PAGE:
After too many days of rain the sun returned over Miami, and for Eric Guerin, who likes all the help he can get in sweating weight from his slim 48-year-old body, the warmth was welcome. Seated on an aluminum folding chair in front of the jockey quarters at Hialeah Park, Guerin watched a platoon of small men in multicolored silk uniforms parade past, and he spoke to a few. He had expected to ride in the second race that day, but his horse had been scratched, and for him there were no others. There had been one mount earlier in the week; none the week before. "Mounts are a little hard to come by right now," he said, his voice softened by his bayou background.
A race began and Guerin flipped open a program as he listened to the report over the track public-address system. The sun made him squint as he read, deepening the many lines in his weathered thin face. His hair is nearly as black as when he rode Native Dancer, but now there is some silver at the temples. And his nose, many times smashed from falls in a career that has spanned 32 years, seems out of place, as though someone had sculpted a sharply featured face but left the nose a large lump of clay. His eyes, like his voice, are soft, filled with patience.
The race done, Guerin closed his program. "I suppose you want to talk about Native Dancer," he said to the man sitting next to him. Then he laughed and added, "And the Kentucky Derby."
For Eric Guerin it always comes down to that. Although by 1973 he had ridden 2,680 winners and his mounts had earned $17,125,718, on a May day 20 years ago he rode Native Dancer to second place in the Kentucky Derby and everything else became background music. It was the great gray colt's only loss in 22 races, and when a hero falls the public doesn't want violins, it wants to hear drums roll. Guerin has heard nothing but sticks on the snares ever since.
"I've grown used to it," he said. "I guess I've had maybe 2,000 interviews since, and every time it begins with, 'What about the Dancer and the Derby?' But I don't mind. To tell you the truth, I never get tired of talking about that horse. I guess he'll always be my favorite subject."
On that first Saturday of May in 1953 all had seemed right for Guerin and Native Dancer. Alfred Gwynne Vanderbilt's powerful gray had bedeviled his rivals as he easily won his first 11 races, and if there was anything to beat him at Churchill Downs it would be triggered from a rifle rather than a starting gate. The horse was brutishly beautiful, with an explosive come-from-behind style that won races by a whisker and fans by the millions. He was also delightfully lazy and only went all out—his belly close to the ground, his awesome stride a full foot longer than that of Man o'War—in the closing moments when all seemed lost. He always stood out from the rest, and he became the country's first racehorse television star. Wherever he was stabled, sacks of fan mail flowed. When he was moved by train, fans appeared at every stop along the way.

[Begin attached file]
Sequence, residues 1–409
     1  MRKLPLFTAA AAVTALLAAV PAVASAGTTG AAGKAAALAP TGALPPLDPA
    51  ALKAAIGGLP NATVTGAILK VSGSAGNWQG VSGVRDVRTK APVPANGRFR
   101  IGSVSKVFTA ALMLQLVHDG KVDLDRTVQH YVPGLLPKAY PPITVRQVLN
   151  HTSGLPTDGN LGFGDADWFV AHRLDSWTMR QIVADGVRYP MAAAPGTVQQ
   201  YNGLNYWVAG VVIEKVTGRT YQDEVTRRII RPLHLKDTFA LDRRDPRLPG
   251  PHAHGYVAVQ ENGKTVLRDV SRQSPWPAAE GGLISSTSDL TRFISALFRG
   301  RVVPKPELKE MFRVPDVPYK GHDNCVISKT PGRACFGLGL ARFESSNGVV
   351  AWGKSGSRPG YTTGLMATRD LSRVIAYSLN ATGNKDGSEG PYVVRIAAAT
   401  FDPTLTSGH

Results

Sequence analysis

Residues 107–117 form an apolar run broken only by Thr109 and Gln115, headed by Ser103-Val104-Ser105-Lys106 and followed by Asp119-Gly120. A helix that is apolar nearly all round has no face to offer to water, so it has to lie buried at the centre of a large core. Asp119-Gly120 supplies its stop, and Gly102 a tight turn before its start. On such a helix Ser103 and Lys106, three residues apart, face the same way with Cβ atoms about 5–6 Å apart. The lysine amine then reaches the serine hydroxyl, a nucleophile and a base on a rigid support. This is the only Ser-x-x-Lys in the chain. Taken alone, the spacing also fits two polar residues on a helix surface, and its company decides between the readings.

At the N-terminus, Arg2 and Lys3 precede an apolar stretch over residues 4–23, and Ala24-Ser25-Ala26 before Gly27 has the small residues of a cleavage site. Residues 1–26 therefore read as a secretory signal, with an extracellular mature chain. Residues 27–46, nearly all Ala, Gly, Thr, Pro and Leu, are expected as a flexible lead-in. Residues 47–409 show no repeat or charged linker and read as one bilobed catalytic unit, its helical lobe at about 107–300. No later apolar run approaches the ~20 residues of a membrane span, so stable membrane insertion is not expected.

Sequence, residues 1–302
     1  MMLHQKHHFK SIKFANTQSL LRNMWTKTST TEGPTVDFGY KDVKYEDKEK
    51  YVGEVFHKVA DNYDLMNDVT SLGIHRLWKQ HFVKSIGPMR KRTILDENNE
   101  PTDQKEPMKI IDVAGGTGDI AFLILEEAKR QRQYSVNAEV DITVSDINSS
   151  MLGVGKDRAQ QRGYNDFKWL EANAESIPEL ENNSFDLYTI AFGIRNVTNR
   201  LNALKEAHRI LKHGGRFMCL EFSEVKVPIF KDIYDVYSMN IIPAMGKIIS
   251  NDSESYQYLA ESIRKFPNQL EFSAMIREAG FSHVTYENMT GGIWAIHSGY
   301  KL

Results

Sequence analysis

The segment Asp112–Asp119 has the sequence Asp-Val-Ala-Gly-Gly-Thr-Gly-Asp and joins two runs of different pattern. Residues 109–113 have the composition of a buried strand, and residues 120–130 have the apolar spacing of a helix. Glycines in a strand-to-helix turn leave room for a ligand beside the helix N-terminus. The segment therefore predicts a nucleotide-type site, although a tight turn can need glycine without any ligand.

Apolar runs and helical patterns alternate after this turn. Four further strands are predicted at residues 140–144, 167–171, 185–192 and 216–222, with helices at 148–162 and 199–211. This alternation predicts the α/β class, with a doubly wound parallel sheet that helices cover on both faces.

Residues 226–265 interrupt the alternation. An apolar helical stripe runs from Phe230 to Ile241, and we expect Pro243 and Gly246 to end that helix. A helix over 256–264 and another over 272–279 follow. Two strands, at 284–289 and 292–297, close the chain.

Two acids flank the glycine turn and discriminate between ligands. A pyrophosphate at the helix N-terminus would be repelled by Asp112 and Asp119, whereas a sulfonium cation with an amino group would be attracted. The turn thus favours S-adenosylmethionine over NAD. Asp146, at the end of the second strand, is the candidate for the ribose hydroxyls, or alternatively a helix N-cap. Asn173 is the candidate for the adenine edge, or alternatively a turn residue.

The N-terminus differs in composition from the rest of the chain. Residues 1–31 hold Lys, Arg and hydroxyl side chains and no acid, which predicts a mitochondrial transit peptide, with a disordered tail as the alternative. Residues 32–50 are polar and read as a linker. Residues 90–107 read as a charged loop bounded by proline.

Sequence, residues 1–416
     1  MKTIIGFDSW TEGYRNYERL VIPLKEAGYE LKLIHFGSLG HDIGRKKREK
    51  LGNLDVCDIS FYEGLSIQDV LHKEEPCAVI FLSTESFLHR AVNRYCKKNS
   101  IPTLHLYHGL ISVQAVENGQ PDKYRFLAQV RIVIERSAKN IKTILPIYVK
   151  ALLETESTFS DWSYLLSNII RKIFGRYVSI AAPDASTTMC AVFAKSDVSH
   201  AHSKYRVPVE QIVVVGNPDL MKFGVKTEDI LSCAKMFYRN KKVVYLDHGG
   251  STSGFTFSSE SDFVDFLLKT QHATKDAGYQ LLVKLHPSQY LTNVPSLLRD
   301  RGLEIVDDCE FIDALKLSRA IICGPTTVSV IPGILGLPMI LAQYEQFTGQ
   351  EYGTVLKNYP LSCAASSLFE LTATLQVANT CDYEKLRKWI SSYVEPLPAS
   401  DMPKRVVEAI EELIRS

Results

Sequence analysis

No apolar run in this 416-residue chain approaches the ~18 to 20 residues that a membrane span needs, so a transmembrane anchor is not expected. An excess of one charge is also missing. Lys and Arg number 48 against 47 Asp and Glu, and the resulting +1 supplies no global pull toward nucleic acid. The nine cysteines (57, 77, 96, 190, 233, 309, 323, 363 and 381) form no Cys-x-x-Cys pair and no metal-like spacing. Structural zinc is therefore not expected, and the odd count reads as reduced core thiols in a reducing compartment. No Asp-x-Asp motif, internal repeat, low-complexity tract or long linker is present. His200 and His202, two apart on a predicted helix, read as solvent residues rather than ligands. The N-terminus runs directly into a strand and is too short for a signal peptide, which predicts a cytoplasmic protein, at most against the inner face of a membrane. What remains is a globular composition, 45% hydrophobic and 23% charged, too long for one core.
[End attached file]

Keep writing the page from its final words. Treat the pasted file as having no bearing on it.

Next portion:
"It's hard to explain how I felt about that horse," Guerin said. "I used to go to the barn, and I'd watch that gray horse and I'd get a funny feeling in the pit of my stomach. I'm just sorry that every jockey didn't have the chance to ride him so they would all know how magnificent he really was."
The only other to ride Native Dancer was Eddie Arcaro, who, ironically, is on record as having said in mid-1953 that he didn't think Vanderbilt's ace was anywhere near as good as had been reported. "All Native Dancer has done," Arcaro said, "is go around beating the same horses, and most of the time carrying equal weight.... Would you call him a great horse?"
And then, just before the $112,600 American Derby at Washington Park, Guerin drew a 10-day riding suspension while winning with Porterhouse at Saratoga. It was to be the only time he would miss a ride on Native Dancer. "I almost cried," he said. "It wasn't the money; it was just the great thrill of riding him."
With Guerin out. Trainer Bill Winfrey went to Vanderbilt with two names: Arcaro and Teddy Atkinson. The millionaire owner, a man with a silver star won as a PT-boat officer in World War II, a keen sense of humor and a fondness for sloppy hats, ended up with the detractor, Arcaro. "Oh, oh," said Arcaro. "If I lose with him I'll be the biggest bum in the world." Then he took the Dancer on a trial spin and allowed, "He's a big powerful animal." At Washington Park officials canceled the show betting, prompting Columnist Red Smith to write in the New York Herald Tribune: "The sturdy old American virtues of avarice, stupidity and parsimony, qualities that have won for racetrack operators the warm affections which the public ordinarily reserves for pawnbrokers and dogcatchers, were gloriously exemplified...." (Washington Park officials, mindful of the $46,012 minus show pool Native Dancer had created earlier in the Preakness, ignored Mr. Smith.)